Growing up in rural central Michigan as a kid in the camo culture, I fooled around with my Bear bow, but set it down to obsessively ride horses until I went off to college. The bug didn’t bite until I was in my thirties. Then it bit. Hard. My dad and I made the trek up to Jay’s in Clare on Christmas Eve to select my starter bow and a good sized compound target.  Somehow after the first season, I just never stopped. Would go out after work in the backyard and shoot arrows until it got too dark to see where they went. It takes your total concentration, lets you relax and when you are in the zone, you aren't really thinking about anything but aiming. 

Lots of girls get into this with a boyfriend who 3-Ds on the weekends and end up giving their SO a run for their money. Loving that archery companies are beginning to realize that the ladies are just as serious about this sport and making daintier, though no less rugged, bows for us girls with girly names like the Stiletto.  Just a few years ago, there was not so much to choose from. You either got a youth bow or a hand me down that didn’t fit so well. My release had to be cut way down, my pocket quiver made for me for smaller girl pockets. My sister has recently been converted into the archery clan and is the proud owner of her very own hunting set up. Plus, she looks great in head-to-toe camo and war paint.

The Lil' Ball o' Sass
Switching from compound where I was comfortable as a consistent 295+ shooter, to the recurve system developed by the current USA Archery Head Coach was, and continues to be, a huge challenge. Using a finger tab for the very first time, I couldn’t get my fingers to let go. Unlearning muscle memory that has served you well and replacing it with something that is not necessarily immediately as successful can be like banging your head against the wall. And getting lower scores sucks when you are used to hitting 9 out of 10 X’s.  I have been really fortunate to find super patient people to work with that put up with my occasional sassypants.  When I get really frustrated, the compound comes out of retirement and reminds me why I started down this road.  This is also a much more physical version of archery. In the summer I was shooting well over 100 arrows a session, 4-5 days week. You sweat and you get muscle sore and you get sick of the songs on your iPod.  Check out YouTube for World Archery, there is a reason the recurve people look fitter. It’s ‘cause they have to be.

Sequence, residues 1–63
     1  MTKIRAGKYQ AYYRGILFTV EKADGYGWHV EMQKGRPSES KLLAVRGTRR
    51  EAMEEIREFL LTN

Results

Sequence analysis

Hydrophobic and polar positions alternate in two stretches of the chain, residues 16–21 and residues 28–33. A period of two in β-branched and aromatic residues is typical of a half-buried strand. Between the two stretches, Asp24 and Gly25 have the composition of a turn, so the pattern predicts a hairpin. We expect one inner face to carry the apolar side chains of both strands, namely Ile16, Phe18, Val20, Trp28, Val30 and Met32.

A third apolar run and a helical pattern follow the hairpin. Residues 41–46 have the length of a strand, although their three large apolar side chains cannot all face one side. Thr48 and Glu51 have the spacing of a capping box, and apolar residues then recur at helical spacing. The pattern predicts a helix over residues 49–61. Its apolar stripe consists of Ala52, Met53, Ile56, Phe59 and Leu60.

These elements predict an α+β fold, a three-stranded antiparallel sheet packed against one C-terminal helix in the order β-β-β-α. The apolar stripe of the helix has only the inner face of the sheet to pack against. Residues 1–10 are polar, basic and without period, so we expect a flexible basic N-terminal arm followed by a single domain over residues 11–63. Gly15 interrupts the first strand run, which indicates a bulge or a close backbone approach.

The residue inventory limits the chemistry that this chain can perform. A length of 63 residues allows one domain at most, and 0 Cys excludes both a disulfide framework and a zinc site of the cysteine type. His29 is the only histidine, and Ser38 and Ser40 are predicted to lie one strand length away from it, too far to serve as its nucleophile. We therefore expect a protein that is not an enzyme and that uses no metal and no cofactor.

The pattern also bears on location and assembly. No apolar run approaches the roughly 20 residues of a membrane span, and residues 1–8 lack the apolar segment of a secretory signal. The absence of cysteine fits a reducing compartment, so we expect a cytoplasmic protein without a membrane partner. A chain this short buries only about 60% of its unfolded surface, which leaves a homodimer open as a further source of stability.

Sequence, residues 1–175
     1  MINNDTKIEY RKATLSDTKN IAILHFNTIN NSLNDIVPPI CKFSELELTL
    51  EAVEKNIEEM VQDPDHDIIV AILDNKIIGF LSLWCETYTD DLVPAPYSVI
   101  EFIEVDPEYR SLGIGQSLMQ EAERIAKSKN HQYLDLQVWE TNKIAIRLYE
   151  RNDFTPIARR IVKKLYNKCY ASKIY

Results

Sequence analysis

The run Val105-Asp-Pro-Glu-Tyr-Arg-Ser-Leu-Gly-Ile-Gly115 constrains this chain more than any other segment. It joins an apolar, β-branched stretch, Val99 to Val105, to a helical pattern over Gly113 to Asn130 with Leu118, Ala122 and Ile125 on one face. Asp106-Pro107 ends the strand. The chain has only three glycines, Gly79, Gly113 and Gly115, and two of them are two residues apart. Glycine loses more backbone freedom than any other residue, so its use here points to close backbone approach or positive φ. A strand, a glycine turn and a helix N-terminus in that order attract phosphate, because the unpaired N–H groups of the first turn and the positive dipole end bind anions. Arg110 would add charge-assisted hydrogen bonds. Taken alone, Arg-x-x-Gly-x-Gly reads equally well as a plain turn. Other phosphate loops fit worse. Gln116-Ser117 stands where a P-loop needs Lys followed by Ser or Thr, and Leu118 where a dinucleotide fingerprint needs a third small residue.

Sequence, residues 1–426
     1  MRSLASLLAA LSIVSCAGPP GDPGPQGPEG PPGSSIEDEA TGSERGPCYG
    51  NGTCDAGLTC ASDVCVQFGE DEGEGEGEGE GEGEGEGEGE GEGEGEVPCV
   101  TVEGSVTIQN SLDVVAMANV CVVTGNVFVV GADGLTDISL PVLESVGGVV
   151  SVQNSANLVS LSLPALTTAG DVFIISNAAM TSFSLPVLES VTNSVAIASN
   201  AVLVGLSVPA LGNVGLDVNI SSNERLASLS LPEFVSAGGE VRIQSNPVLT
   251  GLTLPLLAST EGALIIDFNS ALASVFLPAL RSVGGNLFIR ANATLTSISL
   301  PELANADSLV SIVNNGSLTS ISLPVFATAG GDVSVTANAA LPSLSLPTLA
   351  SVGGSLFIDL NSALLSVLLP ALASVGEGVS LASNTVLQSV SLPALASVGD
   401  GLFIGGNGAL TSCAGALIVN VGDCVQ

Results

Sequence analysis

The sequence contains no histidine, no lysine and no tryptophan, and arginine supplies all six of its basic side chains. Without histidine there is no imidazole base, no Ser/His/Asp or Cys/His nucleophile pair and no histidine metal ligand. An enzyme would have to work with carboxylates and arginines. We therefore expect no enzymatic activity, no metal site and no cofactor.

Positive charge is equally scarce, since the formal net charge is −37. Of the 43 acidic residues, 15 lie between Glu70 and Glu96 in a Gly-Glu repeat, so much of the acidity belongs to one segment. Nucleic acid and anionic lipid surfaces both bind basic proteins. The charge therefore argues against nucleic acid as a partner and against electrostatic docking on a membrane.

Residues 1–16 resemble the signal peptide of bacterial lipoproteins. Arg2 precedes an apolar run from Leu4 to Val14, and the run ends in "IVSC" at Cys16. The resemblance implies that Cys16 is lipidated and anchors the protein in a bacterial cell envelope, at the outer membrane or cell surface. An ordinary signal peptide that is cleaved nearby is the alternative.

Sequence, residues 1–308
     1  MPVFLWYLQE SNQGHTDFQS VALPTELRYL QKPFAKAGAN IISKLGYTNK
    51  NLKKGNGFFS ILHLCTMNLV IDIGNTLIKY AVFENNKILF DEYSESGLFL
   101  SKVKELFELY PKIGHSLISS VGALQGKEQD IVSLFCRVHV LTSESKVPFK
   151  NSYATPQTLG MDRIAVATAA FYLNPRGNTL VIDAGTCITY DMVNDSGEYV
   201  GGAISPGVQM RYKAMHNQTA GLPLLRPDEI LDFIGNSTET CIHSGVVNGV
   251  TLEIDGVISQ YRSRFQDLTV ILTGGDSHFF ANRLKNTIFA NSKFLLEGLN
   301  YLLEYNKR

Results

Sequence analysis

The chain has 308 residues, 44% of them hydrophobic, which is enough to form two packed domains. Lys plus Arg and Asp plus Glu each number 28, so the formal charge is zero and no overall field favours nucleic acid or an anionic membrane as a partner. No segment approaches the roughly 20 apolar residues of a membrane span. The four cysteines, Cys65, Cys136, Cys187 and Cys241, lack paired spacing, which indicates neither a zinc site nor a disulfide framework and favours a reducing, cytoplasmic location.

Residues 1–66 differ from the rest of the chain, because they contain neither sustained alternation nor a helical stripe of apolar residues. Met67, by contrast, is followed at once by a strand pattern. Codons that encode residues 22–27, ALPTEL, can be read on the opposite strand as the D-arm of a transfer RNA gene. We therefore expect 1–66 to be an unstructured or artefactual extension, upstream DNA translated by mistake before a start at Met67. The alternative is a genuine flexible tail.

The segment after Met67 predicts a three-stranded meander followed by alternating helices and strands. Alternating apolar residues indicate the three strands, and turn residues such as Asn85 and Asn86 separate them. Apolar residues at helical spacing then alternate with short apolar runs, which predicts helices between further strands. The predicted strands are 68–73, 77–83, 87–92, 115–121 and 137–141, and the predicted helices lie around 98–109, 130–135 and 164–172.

One of the great things about archery is the people that we have meet along the way.  Both my husband and I have received an amazing amount of help, information and support from a quite a few folks since we started doing this. Need to borrow a set of arrows, a clicker, try a new quiver?  Someone has one in their case that’s not being used.  Here, just use it for a while.  I swapped my Hoyt Pro-Elite, code name Cricket, for an Olympic recurve system a little over a year ago and have met even more cool and interesting people. This sport seems to recruit similar-minded people. Lots of engineer-types, creatives, and control freaks determined to perfect their aim.  As a whole we are highly competitive, but surprisingly supportive of each other.  A lot of other sports can’t say that. Another thing most sports can’t say, you can spend a day on the same bale with an elite archer, chatting and watching up close what they do. When is the last time you spent an hour in the batting cage with Derek Jeter? Yeah, I thought so.

And now a quick word about hunting. I am not opposed to the responsible hunting of anything you plan on putting in the freezer. I’ve dabbled a bit with hunting wiley Michigan turkeys but am not a hard-core hunter. You can read about it in a back post of Bow Meets Girl, my online rambling of my relearning to shoot. 

“In life, you only hit what you aim at,” Ralph Waldo Emerson
So put ‘em in the middle.